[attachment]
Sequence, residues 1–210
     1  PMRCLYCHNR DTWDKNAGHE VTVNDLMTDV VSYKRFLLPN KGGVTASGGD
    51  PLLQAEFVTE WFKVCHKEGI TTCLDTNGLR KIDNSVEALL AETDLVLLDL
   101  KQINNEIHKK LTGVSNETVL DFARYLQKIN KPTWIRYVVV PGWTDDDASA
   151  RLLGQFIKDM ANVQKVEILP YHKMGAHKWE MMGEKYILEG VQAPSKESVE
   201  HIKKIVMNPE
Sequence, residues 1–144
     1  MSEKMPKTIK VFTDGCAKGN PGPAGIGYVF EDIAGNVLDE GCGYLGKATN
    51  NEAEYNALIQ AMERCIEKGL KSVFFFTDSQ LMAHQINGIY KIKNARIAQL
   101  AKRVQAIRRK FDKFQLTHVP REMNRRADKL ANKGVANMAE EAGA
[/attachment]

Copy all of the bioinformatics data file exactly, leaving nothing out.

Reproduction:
Sequence, residues 1–210
     1  PMRCLYCHNR DTWDKNAGHE VTVNDLMTDV VSYKRFLLPN KGGVTASGGD
    51  PLLQAEFVTE WFKVCHKEGI TTCLDTNGLR KIDNSVEALL AETDLVLLDL
   101  KQINNEIHKK LTGVSNETVL DFARYLQKIN KPTWIRYVVV PGWTDDDASA
   151  RLLGQFIKDM ANVQKVEILP YHKMGAHKWE MMGEKYILEG VQAPSKESVE
   201  HIKKIVMNPE
Sequence, residues 1–144
     1  MSEKMPKTIK VFTDGCAKGN PGPAGIGYVF EDIAGNVLDE GCGYLGKATN
    51  NEAEYNALIQ AMERCIEKGL KSVFFFTDSQ LMAHQINGIY KIKNARIAQL
   101  AKRVQAIRRK FDKFQLTHVP REMNRRADKL ANKGVANMAE EAGA